it depends on the horse and how tight the gelding has bonded with the mare,and if he is a worrier (pacing,calling,not eating)

but as long as he has a companion, he will adjust. I would make sure to get that companion over to him A.S.A.P once she is gone, os he is not alone and worrying... a lot of weight can be lost in just a couple days when they are stressing.

Free choice hay sounds like the way to go.
     
    01-20-2012, 11:13 AM
  #3
Weanling
I'd be doing free choice now but she wouldn't let him eat. As it is I feed them apart and still have to stand in between them until he's done eating. I intend to build stalls as soon as the ground is soft enough to drop a couple poles. Until them I'm stuck as is.
     
    01-20-2012, 11:32 AM
  #4
Foal
Quote:
Originally Posted by furbabymum    
I'd be doing free choice now but she wouldn't let him eat. As it is I feed them apart and still have to stand in between them until he's done eating. I intend to build stalls as soon as the ground is soft enough to drop a couple poles. Until them I'm stuck as is.

Can you feed them farther apart and create multiple hay piles? 4 piles 2 two horses? ( you probably already have tried this, but thought I would throw it out there)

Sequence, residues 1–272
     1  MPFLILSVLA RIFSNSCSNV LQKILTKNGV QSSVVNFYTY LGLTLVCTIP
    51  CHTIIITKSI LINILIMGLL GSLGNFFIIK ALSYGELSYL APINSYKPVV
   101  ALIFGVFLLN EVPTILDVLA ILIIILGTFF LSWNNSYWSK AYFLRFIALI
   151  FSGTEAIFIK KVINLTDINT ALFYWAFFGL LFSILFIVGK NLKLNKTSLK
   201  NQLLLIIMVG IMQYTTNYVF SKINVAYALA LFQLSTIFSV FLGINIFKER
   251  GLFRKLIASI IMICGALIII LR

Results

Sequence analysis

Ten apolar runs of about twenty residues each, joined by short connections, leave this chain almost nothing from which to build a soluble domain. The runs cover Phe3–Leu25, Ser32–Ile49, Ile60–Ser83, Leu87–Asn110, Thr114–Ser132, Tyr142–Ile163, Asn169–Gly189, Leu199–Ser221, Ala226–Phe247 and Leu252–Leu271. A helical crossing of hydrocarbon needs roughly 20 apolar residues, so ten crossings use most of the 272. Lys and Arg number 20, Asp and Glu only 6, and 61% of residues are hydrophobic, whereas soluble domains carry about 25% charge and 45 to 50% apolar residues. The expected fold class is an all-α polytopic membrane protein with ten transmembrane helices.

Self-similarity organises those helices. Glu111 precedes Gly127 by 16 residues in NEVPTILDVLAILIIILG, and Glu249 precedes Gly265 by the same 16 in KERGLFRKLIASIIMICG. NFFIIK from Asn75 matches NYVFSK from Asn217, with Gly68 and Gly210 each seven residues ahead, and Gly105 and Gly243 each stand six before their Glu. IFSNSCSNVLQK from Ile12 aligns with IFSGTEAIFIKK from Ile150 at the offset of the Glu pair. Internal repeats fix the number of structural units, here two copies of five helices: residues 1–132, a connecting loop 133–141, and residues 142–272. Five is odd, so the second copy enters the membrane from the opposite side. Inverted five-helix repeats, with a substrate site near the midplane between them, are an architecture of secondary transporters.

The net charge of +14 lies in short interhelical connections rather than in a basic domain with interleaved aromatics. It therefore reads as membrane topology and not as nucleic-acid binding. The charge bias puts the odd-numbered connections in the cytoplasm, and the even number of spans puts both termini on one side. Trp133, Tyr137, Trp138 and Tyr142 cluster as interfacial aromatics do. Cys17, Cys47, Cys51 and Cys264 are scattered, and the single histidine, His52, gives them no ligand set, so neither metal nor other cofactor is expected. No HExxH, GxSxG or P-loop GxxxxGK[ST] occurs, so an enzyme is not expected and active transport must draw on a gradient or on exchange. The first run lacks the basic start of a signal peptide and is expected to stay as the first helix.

But good luck! :) hope everything works out.
     
    01-20-2012, 11:41 AM
  #5
Weanling
If there's any way to separate them for feeding until you can sell her I would. How does he act when she's taken out of the pasture without him? If he's not stressed out during that time I'd say it's a reasonable bet he'd do ok without her.
     
    01-20-2012, 11:44 AM
  #6
Trained
I have a dominant gelding who is in with a pony mare, he is food aggressive and if I only have 1-2 piles the pony would never get to eat. Soooo... I take their hay ration, separate it out by flakes, and place each flake about 20 feet away from the next. He has gotten better with this method, so now I can have 2-3 flakes per pile, but I still usually have 6-7 little piles of hay around.

Just a thought, when I went on vacation I had 2 round bales delivered in order to make it easier for my relatives to take care of the horses. I had 2 because of the gelding's aggression, I didn't think he'd let the pony eat if I just had one.. Much to my surprise they ate off the same one constantly. There was no aggression on his part towards her..

I don't really like separating long term companions, but if you think it's the best for your situation make sure you have the new horse lined up to come over relatively quickly.